The past two weeks we have been collecting pictures of our residents to do a game of “Guess Who” as a part of our National Assisted Living Week celebrations. It has been such a joy for families and residents to share their pictures from “way back when”. It has caused me to pause and reflect on life. When our residents think of themselves, they may picture that younger self that served in the Army or was a homemaker or helped on the farm. Their children may envision the Mom or Dad that helped shape their childhood and their memories of growing up. To the staff at the communities that these folks live in now, we may see them differently. But it is always wise to stop, look back and remember. As we all age we may see ourselves in many different lights. We grow and become many things to many people. So have our residents. As we celebrate National Assisted Living Week and the beauty that comes from this environment, I want us all to remember that each of us has a history and we impact so many different people. The theme of National Assisted Living Week is Family is Forever. I know for me over the last 8 times that I have celebrated this week that it has seen many different faces and many different memories. I have helped crown many different Kings and Queens of the Gardens. But I think that what I realize today that each year…my family has grown. Sometimes it can be hard to let people into your life with the understanding that they may not be able to stay for long. But as Garth Brooks once sang, “I could have missed the pain, but then I could have missed the dance.” Thank you assisted living for what you have meant to me and my family. I know my family has grown forever and my heart is much more full as a result.
Have you ever considered working or volunteering with seniors? One of the greatest joys that an individual can experience is to be able to enjoy the work that they do. Working in assisted living, is not a career it is a calling. One of the first things that I tell potential employees in the interview process is that if you don’t feel that you have the capacity to truly care about the folks that live in our communities…then this is probably not the career for you. In this setting we get to help the residents that live in our communities, but many times we receive more of a blessing from them, than we could possibly ever give. As we approach National Assisted Living Week, I have had many different people from many different walks of life ask what they can do that the residents would enjoy. While there are multiple ways or even multiple things that I have seen bring joy to the faces of residents through the years…there is one that stands out as having the most impact. It is time. Here is a short list of things that you can do that can make someone’s day in an assisted living community.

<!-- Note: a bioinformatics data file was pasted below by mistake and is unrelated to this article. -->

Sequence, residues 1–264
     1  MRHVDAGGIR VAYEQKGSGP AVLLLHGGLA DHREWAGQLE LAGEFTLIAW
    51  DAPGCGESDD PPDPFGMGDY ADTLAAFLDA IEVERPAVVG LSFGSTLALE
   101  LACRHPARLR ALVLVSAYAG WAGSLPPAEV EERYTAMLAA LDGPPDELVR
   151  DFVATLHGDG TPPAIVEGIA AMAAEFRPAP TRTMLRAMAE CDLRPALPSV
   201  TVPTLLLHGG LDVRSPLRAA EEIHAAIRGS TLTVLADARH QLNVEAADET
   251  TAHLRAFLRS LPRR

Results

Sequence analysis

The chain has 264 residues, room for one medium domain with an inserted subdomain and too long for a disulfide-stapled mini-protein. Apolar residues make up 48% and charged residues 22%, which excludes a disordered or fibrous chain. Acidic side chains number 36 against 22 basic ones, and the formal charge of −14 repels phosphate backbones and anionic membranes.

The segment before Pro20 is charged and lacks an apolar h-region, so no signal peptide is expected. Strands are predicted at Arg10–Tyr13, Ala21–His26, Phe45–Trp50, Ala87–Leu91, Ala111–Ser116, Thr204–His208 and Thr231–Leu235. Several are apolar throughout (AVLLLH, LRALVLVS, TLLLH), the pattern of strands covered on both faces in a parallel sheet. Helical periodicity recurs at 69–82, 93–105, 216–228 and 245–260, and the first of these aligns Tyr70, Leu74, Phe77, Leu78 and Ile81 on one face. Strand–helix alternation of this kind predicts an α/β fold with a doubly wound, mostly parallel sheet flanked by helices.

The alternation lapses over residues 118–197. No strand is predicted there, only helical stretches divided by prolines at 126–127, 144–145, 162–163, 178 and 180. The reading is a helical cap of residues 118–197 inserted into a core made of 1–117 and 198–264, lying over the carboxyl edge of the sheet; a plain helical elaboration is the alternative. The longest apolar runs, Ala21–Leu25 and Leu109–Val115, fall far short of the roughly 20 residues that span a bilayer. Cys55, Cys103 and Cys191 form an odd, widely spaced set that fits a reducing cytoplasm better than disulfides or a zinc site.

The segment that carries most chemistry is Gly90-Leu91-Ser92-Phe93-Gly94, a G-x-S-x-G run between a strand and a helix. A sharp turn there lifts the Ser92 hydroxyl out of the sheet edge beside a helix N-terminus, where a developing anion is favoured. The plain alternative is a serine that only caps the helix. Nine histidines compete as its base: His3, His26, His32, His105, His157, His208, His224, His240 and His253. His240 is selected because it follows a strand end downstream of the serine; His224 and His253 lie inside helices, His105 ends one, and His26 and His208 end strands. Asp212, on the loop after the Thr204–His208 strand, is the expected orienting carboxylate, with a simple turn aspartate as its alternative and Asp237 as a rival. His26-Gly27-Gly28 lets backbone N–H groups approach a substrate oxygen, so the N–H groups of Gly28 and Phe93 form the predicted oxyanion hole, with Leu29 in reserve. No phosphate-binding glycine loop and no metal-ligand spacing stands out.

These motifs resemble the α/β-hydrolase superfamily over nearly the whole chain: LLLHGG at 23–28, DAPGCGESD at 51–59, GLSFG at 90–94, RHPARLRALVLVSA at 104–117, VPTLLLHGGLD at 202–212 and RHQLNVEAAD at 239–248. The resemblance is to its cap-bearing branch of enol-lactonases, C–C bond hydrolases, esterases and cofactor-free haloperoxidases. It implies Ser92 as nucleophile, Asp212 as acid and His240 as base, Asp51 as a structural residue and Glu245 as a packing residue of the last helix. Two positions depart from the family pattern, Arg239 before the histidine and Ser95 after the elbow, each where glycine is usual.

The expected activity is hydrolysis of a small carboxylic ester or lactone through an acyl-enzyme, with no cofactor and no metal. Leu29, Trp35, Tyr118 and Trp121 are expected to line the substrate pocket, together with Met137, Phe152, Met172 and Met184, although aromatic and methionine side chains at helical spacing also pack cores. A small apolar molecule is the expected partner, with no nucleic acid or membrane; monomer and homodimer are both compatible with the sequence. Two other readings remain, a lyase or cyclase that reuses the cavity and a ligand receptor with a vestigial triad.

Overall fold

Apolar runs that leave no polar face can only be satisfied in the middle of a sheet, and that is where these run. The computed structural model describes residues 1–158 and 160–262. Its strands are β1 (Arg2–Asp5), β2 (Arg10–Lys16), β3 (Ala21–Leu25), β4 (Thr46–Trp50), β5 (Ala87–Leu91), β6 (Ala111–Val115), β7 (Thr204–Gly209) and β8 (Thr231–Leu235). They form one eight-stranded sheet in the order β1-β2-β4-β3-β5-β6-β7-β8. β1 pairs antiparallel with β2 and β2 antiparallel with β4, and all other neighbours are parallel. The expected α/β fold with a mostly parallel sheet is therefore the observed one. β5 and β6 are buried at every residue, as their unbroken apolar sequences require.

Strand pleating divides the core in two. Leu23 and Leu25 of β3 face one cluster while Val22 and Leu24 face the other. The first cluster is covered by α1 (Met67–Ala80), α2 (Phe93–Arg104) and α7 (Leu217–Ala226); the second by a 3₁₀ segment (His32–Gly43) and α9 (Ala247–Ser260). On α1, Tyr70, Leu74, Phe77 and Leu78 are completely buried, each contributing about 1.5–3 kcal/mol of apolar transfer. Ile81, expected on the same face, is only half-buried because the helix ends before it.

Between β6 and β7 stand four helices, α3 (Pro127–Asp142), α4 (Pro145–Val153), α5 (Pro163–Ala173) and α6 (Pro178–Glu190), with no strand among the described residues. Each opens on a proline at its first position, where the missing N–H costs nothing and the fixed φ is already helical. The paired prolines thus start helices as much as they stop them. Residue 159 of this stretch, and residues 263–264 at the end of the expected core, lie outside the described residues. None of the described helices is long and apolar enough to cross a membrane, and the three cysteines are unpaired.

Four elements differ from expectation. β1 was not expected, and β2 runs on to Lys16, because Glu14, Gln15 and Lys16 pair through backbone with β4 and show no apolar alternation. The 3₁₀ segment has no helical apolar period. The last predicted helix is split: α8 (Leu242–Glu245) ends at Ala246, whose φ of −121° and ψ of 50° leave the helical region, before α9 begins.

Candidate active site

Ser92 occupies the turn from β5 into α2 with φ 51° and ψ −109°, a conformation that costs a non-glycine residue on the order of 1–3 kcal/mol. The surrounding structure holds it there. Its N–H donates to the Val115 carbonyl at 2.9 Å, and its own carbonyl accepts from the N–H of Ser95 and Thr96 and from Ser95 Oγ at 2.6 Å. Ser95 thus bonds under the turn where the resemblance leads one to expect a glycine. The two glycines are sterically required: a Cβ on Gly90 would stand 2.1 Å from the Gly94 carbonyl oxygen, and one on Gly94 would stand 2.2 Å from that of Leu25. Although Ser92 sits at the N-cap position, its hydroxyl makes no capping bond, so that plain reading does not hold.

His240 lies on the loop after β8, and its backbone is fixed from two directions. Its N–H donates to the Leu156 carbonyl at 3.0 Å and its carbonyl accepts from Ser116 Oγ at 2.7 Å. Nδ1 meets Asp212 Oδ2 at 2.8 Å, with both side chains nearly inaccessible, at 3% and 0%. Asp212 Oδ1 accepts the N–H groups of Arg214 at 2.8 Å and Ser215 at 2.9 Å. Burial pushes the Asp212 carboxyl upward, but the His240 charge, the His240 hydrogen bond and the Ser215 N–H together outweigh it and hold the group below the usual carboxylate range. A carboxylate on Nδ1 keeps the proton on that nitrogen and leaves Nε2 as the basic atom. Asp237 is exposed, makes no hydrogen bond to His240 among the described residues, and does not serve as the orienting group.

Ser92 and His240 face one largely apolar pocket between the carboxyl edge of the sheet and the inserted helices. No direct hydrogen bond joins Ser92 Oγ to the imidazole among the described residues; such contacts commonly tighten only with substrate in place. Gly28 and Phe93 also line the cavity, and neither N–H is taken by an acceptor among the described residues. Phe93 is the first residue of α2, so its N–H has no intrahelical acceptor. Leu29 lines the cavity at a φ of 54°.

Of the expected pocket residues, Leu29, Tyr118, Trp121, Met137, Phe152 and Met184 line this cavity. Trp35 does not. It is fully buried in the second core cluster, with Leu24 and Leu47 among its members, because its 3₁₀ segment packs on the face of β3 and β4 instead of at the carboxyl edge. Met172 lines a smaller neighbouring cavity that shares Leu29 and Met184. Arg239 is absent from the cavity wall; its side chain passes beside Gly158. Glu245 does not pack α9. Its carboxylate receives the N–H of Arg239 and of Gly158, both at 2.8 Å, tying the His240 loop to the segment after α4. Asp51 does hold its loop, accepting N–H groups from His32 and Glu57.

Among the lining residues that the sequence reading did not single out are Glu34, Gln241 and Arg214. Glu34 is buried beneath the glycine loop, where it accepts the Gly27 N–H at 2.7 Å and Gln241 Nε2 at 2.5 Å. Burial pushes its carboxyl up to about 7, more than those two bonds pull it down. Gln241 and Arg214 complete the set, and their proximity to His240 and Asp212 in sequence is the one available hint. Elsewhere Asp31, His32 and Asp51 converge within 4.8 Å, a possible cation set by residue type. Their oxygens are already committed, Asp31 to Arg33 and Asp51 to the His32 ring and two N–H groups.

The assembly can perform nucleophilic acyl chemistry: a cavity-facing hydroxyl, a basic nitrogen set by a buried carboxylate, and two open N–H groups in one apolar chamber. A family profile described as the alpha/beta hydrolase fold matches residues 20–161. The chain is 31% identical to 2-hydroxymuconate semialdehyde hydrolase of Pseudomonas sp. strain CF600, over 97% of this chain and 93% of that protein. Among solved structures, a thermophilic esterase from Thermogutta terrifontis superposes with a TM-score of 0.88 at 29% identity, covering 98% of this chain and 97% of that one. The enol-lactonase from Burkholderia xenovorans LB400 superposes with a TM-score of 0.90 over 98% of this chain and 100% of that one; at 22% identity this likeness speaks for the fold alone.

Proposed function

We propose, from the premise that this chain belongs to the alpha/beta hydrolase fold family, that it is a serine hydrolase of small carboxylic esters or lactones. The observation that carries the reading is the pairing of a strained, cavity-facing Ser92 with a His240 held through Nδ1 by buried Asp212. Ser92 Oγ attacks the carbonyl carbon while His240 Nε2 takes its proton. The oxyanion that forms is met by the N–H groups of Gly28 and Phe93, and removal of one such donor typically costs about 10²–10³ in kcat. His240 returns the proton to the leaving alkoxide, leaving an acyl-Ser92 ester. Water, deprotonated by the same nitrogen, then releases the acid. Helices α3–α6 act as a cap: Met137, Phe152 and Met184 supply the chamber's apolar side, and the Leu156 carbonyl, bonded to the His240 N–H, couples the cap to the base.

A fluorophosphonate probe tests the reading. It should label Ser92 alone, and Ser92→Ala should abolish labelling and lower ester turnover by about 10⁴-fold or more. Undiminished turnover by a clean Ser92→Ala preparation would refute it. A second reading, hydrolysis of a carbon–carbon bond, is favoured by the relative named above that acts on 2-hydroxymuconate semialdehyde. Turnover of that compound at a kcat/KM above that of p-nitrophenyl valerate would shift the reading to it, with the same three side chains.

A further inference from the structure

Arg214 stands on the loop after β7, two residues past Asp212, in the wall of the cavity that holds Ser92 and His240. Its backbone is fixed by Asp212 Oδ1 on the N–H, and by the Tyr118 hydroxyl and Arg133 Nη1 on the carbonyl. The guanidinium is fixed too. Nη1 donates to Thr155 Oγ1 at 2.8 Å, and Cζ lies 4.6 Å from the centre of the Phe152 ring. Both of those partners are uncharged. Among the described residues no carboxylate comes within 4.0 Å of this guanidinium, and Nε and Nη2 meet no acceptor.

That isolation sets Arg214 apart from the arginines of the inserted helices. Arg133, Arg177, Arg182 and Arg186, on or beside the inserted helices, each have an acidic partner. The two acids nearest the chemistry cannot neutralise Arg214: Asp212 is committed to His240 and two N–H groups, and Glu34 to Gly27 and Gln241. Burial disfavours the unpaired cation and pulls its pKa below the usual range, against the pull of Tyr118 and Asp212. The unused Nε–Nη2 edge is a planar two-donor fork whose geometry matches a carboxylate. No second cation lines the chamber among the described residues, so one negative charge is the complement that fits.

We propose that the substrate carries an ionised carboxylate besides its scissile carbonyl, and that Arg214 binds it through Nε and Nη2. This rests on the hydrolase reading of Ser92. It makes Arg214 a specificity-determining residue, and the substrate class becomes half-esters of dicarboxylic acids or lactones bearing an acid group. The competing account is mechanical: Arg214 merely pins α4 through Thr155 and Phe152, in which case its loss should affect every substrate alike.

Share your talents! If you sing, dance, play guitar or whatever gift you have plan a day to come and share with our seniors.
Take time to play! Do you love dominoes? Are you a whiz at Skip Bo? Are you great at calling Bingo? Stop in and spend some time playing games with a group. It will be good for you and them too?
Are you a chatterbox? Even the gift of gab is appreciated. Be prepared to listen too! Our folks love to talk and share.
***Here are some additional ideas that I really like from sharethegood.org
Uncover THEIR skills: If you don’t already know the kind of career your friend had, find out! Ask questions about their biggest lessons or favorite moments. Don’t forget to ask them about their skills and hobbies outside the job, too—sewing, woodworking, writing. Request that they teach you a thing or two.
Log the memories: Bring along a photo album, scrapbook or journal on your visit, and encourage your friend to sit and compile their memories with you. Use narrative, photos, captions, doodles and more. You’ll be turning their oral stories into a documented history book in no time!
Make some artwork: Turn select pages of your memory book into wall art for their room. Simply photocopy the best pages with photos and captions, then hang them up so your friend can continuously recall good times. Plus, colorful photos are sure to brighten any room.
It truly is the time that is given in each of these opportunities that is appreciated the most. Look for ways that you can volunteer and stop by and see us. You can coordinate your visit with your local community administrator. They may have other ideas that can make your visit a success as well. If you are looking for employment opportunities, check out our individual community pages. You can see current openings and get other information by clicking on the career section of the websites.